Opinions are questioning India’s ‘over reaction’ to Covid-19 outbreak. Their logic is based on the different trajectory of the virus in India. But there are ominous facts which should not be ignored. This virus has an RO (R naught) of 2.5, ie 2.5 persons are infected by one infected person. This is much more than the seasonal influenza virus which has a RO of 1.1 to 1.3, the SARS virus whose RO is 1.6, the H1N1 with a RO of 1.4 to 1.6 and the 1918 influenza virus which had an RO of 1.4 to 2.8. RO of under 1 means the disease will die out, 1 means it will stay alive and more than 1 means it will multiply. The Corona virus spreads much faster than others. The impact of this on our society could be really dreadful. Depending on the preventive measures, the RO of spread can change. So just because the trajectory has not been same in India, does not take away the importance of precautionary measures to slow the pace of spread.
The rapid rate of transfer of this virus has another importance also. That is, do what you will, it will spread and will spread fast. That the trajectory been slow so far is well documented by ICMR figures of infection rates of around only 2.5% amongst the suspectable contacts (not general population, which India is not testing yet). These figures appear correct as daily test data reports are difficult to manipulate in any big way. But all epidemiology experience points to the fact that the spread will occur, sooner rather than later. The impact of India’s lockdown on the spread of Corona will only be known now, after 8 to 14 days of its implementation and also in comparison to data from Pakistan and Bangladesh which have mostly implemented only advisories.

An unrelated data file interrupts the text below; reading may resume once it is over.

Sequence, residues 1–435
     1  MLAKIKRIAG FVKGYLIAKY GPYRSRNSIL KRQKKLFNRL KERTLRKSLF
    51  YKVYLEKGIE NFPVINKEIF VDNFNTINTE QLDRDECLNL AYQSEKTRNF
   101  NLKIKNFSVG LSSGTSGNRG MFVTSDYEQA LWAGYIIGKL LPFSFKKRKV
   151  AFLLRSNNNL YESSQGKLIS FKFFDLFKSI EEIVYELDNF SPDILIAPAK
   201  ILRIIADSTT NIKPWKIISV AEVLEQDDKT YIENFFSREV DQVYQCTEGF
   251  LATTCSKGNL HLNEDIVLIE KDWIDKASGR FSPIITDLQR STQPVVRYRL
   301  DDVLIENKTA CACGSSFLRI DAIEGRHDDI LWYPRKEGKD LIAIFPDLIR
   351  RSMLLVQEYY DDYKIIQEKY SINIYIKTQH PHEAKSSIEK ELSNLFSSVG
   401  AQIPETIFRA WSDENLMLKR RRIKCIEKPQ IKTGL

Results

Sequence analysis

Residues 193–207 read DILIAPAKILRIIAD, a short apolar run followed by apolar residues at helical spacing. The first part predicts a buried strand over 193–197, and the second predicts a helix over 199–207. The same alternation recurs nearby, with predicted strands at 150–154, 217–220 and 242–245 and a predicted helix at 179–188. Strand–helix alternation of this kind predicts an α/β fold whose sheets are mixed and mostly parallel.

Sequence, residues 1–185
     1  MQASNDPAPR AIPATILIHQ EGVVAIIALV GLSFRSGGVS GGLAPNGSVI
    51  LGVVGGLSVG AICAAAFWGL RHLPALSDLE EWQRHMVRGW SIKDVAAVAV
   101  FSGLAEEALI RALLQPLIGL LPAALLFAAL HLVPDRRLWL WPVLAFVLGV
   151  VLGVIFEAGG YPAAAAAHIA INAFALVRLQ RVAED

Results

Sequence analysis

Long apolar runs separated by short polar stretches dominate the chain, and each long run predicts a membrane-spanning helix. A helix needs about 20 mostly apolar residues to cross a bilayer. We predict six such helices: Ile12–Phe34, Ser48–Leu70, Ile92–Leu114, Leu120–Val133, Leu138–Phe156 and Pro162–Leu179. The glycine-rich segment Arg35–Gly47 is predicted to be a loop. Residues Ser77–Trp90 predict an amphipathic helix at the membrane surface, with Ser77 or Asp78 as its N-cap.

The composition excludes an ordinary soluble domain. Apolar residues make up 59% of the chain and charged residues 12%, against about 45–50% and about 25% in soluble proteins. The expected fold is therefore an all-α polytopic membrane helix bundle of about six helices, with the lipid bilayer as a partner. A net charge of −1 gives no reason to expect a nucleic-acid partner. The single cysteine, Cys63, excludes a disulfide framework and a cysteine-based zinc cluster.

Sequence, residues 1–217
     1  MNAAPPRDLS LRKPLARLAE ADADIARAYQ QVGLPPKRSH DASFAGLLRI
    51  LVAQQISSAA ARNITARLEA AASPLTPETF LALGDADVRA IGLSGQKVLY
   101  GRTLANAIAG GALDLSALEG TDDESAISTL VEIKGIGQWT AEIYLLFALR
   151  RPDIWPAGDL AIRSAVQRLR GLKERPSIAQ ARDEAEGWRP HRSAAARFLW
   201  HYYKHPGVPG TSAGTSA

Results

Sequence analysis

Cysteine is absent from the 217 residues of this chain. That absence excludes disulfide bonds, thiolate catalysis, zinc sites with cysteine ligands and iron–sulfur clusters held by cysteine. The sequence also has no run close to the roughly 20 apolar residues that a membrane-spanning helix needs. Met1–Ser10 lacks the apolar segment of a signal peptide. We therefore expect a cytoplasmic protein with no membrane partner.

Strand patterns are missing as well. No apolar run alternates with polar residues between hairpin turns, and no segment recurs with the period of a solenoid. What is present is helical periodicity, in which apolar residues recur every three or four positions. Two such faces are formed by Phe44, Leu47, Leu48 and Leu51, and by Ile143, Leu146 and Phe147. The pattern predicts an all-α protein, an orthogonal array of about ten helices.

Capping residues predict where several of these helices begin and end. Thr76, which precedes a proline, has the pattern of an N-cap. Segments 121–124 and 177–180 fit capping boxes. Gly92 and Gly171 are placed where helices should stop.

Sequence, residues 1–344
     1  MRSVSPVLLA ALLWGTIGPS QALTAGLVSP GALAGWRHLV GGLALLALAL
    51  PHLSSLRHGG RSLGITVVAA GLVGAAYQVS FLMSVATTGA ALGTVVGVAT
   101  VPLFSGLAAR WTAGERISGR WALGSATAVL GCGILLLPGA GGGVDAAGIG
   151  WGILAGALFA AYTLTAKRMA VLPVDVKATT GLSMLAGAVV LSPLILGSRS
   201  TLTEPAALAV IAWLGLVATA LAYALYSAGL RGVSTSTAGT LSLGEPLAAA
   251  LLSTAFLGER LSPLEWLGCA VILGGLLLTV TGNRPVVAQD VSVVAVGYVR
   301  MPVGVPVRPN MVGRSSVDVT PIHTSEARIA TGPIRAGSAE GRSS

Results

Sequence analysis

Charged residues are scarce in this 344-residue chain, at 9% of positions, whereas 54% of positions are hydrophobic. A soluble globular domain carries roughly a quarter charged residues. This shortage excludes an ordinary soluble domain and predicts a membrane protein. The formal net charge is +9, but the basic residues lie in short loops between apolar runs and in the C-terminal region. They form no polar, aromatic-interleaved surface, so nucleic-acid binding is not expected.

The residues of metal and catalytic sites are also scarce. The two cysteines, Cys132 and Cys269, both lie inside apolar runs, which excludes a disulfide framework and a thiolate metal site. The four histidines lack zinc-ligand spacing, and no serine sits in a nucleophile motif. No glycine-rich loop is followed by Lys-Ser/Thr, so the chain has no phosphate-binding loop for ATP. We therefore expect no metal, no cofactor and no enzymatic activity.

Why the trajectory has been slow in India has several factors. But the most important one is that the virus has been sourced from outside and in India has mostly been contained in social groups limited to the upper class and air travellers, ruling class politicians and the like. Countries that have delayed containment measures, most of Europe and US are paying the price. What failures led to rapid transmission in Italy, Spain and USA, we have still to know.
In India the spread and its impact is a definite threat and we must ensure that nothing is done to throw caution to the wind. It will be too early and seriously unscientific to rely on hypothetical conjectures floating that our genetic make up provides better resistance, the virus strain in India is less virulent, we have cross immunity due to wide malaria infestation, heat and humidity limits the virus, etc.